CTBC, more than any domestic bank, has invested consistently and heavily in its private banking platform. Its 950 specialist advisers are divided into four levels of customer service, each focusing on financial or insurance planning, investment advice and intelligence, helping HNWs to manage their assets, both onshore and offshore, with efficiency, flexibility and transparency.
CTBC’s success is due in large part to its ability to help wealthy clients and their families plan for the long term, by educating them at every opportunity. That helps to explain why its Family Membership programme, which is tailored to the exacting needs of HNWs and UNHWs, added more than 3,000 family members with combined assets of NT$8.2 billion ($275 million) in 2017 and lifted assets under management by 10.7%.
CTBC also holds regular tax and trust forums, which tailor financial advice to next-generation family members, helping to plan their education and their careers, to live in the here-and-now, and to invest for the long haul.
Best digital bank: E.Sun
When asked to identify a key long-term priority, E.Sun president and chief executive Joseph Huang points to the importance of the lender’s digital solutions. Every bank is big on digital these days, but some take it more seriously than others.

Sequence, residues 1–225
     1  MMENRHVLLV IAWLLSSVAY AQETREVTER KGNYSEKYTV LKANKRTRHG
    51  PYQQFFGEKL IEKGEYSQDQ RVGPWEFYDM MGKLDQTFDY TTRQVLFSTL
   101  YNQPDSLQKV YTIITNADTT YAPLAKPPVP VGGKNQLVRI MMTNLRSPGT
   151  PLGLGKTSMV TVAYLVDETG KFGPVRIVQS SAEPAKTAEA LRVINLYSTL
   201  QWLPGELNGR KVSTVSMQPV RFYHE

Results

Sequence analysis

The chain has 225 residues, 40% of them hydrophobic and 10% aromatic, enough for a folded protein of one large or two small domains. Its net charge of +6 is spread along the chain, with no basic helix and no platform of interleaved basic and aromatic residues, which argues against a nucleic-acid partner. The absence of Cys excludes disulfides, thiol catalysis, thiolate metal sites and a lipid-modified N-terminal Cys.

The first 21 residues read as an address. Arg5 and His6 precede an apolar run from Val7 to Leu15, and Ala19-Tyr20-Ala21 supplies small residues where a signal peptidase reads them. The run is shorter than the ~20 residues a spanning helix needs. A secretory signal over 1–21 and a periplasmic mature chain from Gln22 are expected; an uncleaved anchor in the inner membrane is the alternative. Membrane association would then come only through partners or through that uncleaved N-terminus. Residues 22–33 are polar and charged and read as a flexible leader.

For E.Sun, digital innovation is something akin to a religion. It is by far the best-in-class provider on the island. Analysts and peers are full of praise, with one describing it as “head and shoulders above the rest”.
In hiring Chen Sheng-wei, former chief executive of Taiwan’s first Artificial Intelligence (AI) academy, in January, E.Sun became the first onshore lender to employ a dedicated chief technology officer, overseeing more than 70 in-house data analysts.
It takes big data and blockchain seriously and has fully digitally enabled every one of its 138 domestic branches, while its automated online lending platform covers everything from personal loans and mortgages to micro, small and medium-sized enterprise loans.
Its digital services regularly snap up awards. In October 2017, Gartner named E.Sun’s intelligent loan platform the most innovative digital cost-saving initiative in Asia, while its AI chatbot was a finalist in the award for best digital product. Huang reckons the chatbot, which uses AI to communicate with customers on Facebook Messenger about financial services, reached more than 100 million people in 2017.
And E.Sun won’t stop there. Already the top digital foreign exchange platform, it processed more than 2.6 million transactions in Taiwan with a total value of NT$60 billion ($2 billion), and boasts an 85% market share in cross-border digital payments, using the likes of Alipay and WeChat Pay. The ultimate goal is to ensure E.Sun delivers “the right product, to the right people, through the right way, at the right time,” the bank says.